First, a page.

The times Hillary Clinton marched in a pride parade — and made history.
Marching for equality through the years.
This summer, Hillary Clinton made history by becoming the first presidential nominee from a major party to march in New York City’s annual pride parade.
It wasn’t, however, Hillary’s first time walking alongside the LGBT community — or making history doing it.
Hillary marched down New York’s Fifth Avenue during the summer of 2000 and became the nation’s first first lady to march in a pride parade alongside advocates and allies of the lesbian, gay, bisexual, and transgender community.
Back in 2000, laws protecting LGBT people weren’t as widespread as they are now. And at the time, the only state to recognize same-sex unions was Vermont.
Thanks to the tireless work of advocates and allies who believed in full LGBT equality, the attitudes of Americans began to change — so too, did their hearts and minds. That included Hillary, and she moved to show solidarity with the LGBT community:
Our country has achieved much these past few years when it comes to the equal treatment of LGBT Americans. Federal agencies have issued nondiscrimination regulations to protect LGBT people in health care, education, and homeless shelters. Additionally, 18 states and Washington, D.C., now have comprehensive nondiscrimination protections. This year, transgender people joined gays and lesbians in the ability to serve openly in the military. And thanks to the Supreme Court, LGBT people can now marry the person they love.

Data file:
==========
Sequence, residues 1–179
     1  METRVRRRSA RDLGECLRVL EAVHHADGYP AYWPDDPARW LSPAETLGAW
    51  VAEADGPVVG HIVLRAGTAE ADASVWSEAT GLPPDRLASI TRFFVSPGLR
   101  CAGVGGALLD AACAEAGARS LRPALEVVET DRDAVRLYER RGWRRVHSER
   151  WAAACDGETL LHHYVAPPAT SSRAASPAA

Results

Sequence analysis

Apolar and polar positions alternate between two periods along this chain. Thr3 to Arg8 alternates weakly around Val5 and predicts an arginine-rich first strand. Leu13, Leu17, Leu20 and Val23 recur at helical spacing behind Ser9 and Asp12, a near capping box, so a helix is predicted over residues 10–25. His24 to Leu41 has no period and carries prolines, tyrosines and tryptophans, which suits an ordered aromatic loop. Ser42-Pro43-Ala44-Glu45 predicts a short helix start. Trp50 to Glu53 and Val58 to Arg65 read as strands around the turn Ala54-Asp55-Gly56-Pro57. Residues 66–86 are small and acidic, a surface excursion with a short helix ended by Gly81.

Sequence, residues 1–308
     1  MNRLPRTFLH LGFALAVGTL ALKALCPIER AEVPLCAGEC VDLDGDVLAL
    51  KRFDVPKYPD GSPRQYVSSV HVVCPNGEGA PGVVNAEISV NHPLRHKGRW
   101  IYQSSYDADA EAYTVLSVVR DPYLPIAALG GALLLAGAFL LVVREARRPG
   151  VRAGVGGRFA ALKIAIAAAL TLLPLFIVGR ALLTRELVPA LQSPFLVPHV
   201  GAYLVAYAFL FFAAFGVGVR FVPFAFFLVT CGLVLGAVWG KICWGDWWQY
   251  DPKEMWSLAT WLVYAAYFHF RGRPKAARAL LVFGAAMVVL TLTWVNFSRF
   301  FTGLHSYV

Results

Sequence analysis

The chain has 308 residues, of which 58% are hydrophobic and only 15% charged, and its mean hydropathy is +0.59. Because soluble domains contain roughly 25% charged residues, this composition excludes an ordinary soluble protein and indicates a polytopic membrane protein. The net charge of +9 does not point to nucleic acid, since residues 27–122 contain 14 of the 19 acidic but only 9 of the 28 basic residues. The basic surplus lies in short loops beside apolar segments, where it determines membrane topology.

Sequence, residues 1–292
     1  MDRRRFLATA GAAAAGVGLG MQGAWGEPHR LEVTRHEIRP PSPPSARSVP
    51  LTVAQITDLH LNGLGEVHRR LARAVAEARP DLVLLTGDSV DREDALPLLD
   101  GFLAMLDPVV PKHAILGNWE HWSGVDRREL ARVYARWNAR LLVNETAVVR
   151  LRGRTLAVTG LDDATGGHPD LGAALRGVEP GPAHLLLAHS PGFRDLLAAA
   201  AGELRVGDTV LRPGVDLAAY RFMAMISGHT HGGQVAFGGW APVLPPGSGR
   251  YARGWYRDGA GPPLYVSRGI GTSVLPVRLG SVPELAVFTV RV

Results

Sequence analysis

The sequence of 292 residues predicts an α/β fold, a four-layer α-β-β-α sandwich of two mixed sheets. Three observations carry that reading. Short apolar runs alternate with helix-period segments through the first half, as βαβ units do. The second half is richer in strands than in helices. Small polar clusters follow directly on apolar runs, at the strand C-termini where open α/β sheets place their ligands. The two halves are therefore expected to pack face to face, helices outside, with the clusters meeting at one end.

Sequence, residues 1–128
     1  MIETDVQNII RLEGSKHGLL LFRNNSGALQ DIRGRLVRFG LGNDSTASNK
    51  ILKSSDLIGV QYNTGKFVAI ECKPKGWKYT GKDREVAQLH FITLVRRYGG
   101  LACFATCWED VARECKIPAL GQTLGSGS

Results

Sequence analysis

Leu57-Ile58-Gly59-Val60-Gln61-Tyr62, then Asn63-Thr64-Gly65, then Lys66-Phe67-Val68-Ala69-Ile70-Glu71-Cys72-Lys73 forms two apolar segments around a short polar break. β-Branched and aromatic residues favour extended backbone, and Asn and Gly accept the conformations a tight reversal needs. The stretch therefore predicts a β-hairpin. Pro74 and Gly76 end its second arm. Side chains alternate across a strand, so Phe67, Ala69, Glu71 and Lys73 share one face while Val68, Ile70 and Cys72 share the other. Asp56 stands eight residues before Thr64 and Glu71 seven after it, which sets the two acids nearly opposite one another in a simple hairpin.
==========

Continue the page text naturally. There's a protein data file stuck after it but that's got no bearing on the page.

However, there’s obviously still more work to do. As president, Hillary will work to ensure all Americans are treated fairly and equally in the eyes of the law. That includes working to pass the Equality Act to provide full federal nondiscrimination protections to LGBT Americans, ending so-called “conversion therapy” for LGBT youth, and promoting the human rights of LGBT people around the world.
“Like being a woman, like being a racial, religious, tribal, or ethnic minority, being LGBT does not make you less human. And that is why gay rights are human rights, and human rights are gay rights.” — Hillary, December 6th, 2011
There is a high likelihood that the next president will appoint several Supreme Court justices who could reverse the progress we’ve made as a nation — or help to keep the country moving forward.If you believe in the equal treatment of all LGBT Americans, make sure you voteand help elect Hillary Clinton as our 45th president of the United States.
Originally published at www.hillaryclinton.com.